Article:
We've come a long way since the days of burying food in the snow to keep it cold, or having ice delivered in horse-drawn carts just to make meat last a few extra days. Even the "iceboxes" of the late 19th and early 20th centuries are a far cry from the convenient, gadget-loaded, sleek-looking cooling units you'll find in most modern homes.
Refrigerators started to evolve from just a box to store ice and food to mechanical fridges with built-in cooling units around 1915. After that there was no stopping the trend: By 1920 there were more than 200 models on the market, and we haven't looked back since.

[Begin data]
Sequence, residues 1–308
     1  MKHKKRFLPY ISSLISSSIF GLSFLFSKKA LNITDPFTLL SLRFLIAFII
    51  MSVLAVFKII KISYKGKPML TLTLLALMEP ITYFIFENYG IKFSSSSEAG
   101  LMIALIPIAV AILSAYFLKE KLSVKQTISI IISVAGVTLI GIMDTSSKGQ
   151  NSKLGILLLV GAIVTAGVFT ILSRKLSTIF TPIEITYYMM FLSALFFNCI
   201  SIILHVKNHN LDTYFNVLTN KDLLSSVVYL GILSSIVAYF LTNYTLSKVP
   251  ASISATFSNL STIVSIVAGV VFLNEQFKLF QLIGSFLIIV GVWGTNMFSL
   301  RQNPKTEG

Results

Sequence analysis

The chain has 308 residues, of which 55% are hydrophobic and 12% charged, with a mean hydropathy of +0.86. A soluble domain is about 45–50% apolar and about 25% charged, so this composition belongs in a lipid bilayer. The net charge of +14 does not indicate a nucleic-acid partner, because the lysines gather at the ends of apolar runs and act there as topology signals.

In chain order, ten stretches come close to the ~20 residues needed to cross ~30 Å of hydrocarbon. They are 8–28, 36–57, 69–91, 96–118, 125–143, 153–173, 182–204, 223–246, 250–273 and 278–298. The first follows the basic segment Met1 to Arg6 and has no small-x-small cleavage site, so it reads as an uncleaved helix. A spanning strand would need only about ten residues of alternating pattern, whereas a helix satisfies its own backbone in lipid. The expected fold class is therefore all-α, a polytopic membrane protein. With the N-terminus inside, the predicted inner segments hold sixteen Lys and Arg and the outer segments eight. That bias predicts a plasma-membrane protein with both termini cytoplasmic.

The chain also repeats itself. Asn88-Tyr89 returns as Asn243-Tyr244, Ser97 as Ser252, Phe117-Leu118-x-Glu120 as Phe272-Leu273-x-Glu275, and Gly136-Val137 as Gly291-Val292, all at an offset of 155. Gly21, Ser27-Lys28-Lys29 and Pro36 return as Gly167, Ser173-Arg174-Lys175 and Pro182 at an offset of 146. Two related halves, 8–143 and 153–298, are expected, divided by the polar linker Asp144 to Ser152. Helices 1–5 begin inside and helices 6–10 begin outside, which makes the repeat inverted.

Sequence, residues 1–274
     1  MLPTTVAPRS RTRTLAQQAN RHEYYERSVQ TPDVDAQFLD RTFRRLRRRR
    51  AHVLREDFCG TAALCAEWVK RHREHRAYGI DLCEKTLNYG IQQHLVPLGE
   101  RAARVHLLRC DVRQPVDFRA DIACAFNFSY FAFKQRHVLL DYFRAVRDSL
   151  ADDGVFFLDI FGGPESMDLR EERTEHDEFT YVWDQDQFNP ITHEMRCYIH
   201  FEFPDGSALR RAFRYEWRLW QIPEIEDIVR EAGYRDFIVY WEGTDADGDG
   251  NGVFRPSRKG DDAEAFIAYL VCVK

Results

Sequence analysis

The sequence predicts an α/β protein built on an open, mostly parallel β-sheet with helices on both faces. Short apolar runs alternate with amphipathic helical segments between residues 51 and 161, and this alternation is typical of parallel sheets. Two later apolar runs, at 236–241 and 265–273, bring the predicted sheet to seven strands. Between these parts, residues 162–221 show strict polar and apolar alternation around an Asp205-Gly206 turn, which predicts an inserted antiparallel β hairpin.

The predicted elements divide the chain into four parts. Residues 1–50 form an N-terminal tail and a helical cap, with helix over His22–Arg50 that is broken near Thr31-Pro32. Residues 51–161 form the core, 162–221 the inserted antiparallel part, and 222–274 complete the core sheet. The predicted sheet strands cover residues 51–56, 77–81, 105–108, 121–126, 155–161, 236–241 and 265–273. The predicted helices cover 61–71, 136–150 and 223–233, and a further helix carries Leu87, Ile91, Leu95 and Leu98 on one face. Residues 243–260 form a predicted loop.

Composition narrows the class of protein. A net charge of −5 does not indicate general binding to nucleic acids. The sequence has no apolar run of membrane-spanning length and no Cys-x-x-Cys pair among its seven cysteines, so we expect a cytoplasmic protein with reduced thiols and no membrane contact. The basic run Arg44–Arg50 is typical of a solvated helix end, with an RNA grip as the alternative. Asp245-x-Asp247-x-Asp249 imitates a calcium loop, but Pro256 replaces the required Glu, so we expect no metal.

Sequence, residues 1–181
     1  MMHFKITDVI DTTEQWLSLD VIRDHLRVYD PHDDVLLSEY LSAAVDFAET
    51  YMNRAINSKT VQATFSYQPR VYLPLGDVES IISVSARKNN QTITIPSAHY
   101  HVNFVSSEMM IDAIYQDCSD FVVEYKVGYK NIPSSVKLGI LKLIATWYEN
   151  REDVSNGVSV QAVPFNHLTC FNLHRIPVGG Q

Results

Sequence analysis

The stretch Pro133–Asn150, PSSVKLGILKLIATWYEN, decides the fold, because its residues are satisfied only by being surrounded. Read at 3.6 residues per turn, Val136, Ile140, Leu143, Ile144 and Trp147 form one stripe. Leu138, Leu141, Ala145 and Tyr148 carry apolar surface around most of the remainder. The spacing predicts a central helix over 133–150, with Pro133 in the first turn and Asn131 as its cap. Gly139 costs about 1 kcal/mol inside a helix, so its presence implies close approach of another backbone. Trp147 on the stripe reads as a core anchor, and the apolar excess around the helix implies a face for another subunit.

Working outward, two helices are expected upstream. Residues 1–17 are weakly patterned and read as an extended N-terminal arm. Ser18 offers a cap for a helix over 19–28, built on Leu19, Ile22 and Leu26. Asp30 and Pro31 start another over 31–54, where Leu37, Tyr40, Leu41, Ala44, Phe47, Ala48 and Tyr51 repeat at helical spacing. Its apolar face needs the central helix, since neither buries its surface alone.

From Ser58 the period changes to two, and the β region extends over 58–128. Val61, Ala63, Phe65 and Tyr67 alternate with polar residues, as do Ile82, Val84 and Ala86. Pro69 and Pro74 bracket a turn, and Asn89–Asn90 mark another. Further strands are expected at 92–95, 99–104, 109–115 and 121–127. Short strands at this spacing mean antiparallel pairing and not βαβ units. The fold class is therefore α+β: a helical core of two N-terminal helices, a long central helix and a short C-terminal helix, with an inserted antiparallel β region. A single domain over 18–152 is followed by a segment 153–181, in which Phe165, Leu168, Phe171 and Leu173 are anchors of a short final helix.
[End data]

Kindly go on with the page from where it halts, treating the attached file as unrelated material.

By the 1950s, the electric refrigerator was a common fixture in most home kitchens, over time changing in shape, features and even color (remember olive green?) to meet the tastes and trends of the day. Today's new hot fridge design is the French door refrigerator. Designed with two, side-by-side doors on top, and a pull-out freezer drawer on the bottom, the French door refrigerator combines some of the best features of previous popular refrigerator models. What's so great about it? Let's find out.